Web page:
For some context this story is about an injury that I sustained recently.  It forced me to go on leave from work for a few weeks.  It left me with a decision when to go back.  I also had a prompt for my writing class that was to write a story about a character going somewhere and coming back.

the red brick wall

THIS IS FICTION


 

He maintained a small apartment among the clutter of downtown San Francisco.  The apartment was meager compared to the extravagance of his Friday nights.  There was one room and a bathroom.  There was no kitchen.  A sink and mirror sat in the corner in front of his bed and above that stood a small television set which was never on.  There was one window that contained nothing for him except light and fresh air.  The red brick wall of the next building was all you could see out of it.  The buildings downtown are built so close together, one would have to give his life for a room with a view.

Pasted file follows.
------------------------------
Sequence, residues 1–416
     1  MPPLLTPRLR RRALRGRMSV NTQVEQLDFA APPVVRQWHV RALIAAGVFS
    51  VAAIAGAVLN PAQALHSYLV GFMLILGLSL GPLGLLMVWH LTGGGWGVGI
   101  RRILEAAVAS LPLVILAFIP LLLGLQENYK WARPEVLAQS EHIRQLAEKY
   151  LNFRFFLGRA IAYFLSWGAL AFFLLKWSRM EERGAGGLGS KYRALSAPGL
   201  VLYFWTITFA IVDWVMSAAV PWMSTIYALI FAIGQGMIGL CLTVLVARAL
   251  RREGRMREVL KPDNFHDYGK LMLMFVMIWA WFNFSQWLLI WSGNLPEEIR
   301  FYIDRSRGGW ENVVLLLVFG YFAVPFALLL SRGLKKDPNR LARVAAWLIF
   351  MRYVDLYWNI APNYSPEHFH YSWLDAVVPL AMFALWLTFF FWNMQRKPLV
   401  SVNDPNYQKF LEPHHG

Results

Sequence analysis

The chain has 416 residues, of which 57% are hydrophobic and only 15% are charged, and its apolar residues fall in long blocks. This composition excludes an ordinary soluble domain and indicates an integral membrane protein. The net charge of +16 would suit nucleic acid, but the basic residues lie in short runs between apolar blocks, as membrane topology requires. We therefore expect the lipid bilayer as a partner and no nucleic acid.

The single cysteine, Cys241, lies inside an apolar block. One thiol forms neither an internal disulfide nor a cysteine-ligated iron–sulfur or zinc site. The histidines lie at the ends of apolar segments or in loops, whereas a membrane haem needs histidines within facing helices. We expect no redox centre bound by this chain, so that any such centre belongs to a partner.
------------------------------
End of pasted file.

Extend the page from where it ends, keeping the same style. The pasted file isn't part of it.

The morning light and the fog rolled into his room together like they were playing in bed sheets.  He sat on the edge of his bed smoking a cigarette and stared at the endless brick wall.  He was complacent with his life.  He lacked purpose.  He didn’t have something that he was willing to die for.  He didn’t feel that he was a scale upon which a man could be measured

‘Brrrrrrrring’

His phone rang and he picked up quickly.

“Hello”

After a few moments of heavy silence the receiver clicked.  He grabbed his jacket and went out.  The  cigarette sat in the ash tray with fire still burning at the end of it.

His car sat inert in traffic as red brake lights shone bright on his face.  The Bay Bridge looked like a toy the fog plays with.

“How could she be pregnant?”